(Reuters) – The Wisconsin Supreme Court on Wednesday struck down an extension of the state’s stay-at-home order to combat the coronavirus pandemic after the Republican-controlled legislature sued, saying it should have been consulted before the order was enacted.
The court ruled that while Democratic Governor Tony Evers does have emergency powers, the stay-at-home directive was issued by Wisconsin Health Secretary Andrea Palm, whose powers are more limited.
“We further conclude that Palm’s order confining all people to their homes, forbidding travel and closing businesses exceeded the statutory authority …upon which Palm claims to rely,” the court said.
Coronavirus cases and deaths in Wisconsin rose to just over 11,000 confirmed infections on Thursday and 421 deaths related to the virus, according to a Reuters tally.
The lawsuit and ruling come as states are wrestling with how to safely reopen their economies as the coronavirus threat appears to stabilize. The U.S. economy has been devastated by the lockdown measures, which have thrown tens of millions of Americans out of work.
Government responses to the pandemic, and accompanying orders to close nonessential businesses has taken on a political tinge, as Republicans increasingly argue that states should reopen more quickly.
Wisconsin House Speaker Robin Vos and Senate majority leader Scott Fitzgerald praised the ruling. It “allows people to once again gather with their loved ones or visit their places of worship without the fear of violating a state order,” they said in a statement.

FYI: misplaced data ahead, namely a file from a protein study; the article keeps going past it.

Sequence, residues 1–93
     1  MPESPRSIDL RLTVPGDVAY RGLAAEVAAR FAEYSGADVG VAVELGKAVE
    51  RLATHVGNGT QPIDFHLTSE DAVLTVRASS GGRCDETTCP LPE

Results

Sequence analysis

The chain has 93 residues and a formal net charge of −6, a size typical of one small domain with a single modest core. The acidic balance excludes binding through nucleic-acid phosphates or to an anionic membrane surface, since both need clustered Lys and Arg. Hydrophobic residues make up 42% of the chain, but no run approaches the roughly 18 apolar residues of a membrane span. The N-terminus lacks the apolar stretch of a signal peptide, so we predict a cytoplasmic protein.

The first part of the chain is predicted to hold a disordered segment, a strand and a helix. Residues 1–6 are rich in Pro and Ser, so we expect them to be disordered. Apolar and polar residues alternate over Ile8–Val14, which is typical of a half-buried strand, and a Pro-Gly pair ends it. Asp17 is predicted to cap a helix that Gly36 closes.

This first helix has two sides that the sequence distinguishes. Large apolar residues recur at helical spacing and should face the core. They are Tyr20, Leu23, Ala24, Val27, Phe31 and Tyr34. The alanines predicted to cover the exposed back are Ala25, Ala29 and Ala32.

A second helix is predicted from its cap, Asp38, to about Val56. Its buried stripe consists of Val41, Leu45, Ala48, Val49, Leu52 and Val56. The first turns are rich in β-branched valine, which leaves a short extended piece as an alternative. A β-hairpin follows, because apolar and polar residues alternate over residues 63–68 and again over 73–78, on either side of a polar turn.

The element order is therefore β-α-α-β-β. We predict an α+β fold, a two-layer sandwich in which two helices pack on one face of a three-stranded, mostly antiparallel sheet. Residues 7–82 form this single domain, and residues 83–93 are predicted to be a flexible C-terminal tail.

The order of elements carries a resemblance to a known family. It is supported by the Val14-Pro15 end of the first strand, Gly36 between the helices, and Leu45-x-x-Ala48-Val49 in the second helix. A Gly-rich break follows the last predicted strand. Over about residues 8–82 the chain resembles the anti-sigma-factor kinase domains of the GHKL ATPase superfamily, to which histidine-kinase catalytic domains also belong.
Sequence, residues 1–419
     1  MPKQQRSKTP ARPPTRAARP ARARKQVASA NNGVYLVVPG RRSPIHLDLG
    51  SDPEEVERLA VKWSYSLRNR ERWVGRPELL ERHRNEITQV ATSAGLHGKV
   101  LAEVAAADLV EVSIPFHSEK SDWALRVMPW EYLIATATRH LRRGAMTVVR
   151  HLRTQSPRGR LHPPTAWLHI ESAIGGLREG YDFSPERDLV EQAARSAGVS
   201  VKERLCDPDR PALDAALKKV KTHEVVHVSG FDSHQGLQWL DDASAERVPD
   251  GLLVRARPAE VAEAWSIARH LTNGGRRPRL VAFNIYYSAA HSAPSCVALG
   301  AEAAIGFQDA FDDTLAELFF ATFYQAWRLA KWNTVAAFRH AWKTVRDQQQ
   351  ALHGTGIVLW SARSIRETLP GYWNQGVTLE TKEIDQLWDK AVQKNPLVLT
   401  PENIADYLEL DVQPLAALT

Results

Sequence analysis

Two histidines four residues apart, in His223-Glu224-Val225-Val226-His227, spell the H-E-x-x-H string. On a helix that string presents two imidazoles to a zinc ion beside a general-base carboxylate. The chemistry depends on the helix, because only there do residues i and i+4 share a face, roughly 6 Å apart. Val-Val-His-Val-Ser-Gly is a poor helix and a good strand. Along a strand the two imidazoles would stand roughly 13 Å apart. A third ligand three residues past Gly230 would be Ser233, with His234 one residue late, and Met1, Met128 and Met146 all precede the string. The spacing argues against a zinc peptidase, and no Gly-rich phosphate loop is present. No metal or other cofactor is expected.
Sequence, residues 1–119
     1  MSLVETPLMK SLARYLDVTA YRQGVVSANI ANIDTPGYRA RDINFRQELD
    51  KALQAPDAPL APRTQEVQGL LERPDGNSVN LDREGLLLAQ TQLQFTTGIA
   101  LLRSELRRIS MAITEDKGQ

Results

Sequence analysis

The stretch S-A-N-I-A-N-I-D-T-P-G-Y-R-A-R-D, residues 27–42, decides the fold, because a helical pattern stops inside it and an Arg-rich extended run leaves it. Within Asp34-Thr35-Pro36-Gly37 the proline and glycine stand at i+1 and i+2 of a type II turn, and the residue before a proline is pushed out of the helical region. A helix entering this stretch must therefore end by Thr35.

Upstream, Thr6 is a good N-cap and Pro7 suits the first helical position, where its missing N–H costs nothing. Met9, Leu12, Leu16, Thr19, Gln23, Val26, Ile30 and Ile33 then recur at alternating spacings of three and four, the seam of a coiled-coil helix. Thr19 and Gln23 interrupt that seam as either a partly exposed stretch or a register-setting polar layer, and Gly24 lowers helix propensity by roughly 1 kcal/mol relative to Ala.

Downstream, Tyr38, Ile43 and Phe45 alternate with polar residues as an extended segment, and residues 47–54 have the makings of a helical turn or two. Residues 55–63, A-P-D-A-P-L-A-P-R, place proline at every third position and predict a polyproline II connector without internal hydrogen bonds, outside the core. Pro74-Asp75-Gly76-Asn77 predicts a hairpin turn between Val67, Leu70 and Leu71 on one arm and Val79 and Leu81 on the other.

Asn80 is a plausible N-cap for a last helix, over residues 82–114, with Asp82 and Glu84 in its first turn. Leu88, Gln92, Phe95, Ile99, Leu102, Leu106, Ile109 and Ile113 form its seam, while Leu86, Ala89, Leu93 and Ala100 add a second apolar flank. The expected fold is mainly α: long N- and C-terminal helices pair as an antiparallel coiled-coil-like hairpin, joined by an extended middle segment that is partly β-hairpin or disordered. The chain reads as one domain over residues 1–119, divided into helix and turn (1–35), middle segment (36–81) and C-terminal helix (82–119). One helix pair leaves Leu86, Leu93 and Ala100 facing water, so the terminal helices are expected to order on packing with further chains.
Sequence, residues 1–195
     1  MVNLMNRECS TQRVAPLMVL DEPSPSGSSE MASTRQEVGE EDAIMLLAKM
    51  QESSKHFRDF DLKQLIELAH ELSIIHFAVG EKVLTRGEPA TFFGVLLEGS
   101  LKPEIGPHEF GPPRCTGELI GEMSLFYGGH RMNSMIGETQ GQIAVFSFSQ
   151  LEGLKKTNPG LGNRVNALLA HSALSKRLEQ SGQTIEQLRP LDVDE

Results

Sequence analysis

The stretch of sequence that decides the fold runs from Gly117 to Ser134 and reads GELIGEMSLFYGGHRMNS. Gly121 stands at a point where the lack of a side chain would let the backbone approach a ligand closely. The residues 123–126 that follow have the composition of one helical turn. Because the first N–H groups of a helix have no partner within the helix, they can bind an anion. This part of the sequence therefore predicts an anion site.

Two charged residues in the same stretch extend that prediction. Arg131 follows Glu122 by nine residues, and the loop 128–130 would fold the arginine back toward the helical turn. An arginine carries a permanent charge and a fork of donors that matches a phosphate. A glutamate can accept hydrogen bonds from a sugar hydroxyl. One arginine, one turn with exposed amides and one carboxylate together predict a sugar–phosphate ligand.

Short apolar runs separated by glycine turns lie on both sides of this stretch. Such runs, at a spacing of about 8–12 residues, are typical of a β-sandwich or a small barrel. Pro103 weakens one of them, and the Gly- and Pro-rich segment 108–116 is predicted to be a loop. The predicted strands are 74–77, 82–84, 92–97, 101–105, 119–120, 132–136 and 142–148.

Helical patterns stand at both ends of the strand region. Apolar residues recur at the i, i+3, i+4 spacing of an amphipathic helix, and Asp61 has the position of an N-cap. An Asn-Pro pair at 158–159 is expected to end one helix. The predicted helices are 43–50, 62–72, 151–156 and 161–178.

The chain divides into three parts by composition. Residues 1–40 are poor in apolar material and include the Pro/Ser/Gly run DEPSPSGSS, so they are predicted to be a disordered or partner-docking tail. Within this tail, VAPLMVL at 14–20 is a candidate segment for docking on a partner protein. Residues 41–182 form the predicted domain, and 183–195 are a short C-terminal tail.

They urged small business owners to follow guidelines issued by the Wisconsin Economic Development Corporation on how to safely open up the state.
“Wisconsin now joins multiple states that don’t have extensive ‘stay at home orders’ but can continue to follow good practices of social distancing, hand washing, hand sanitizer usage and telecommuting,” they said in the statement.
The Wisconsin legislature filed its lawsuit on April 21, after Palm extended the state’s public health restrictions through May 26.
The state Supreme Court appeared to strike down the order with immediate effect, although the legislature had asked for six days to work out a new plan with Evers.
Reporting by Sharon Bernstein in Sacramento, California; Additional reporting by Karen Pierog: editing by Bill Tarrant and Leslie Adler
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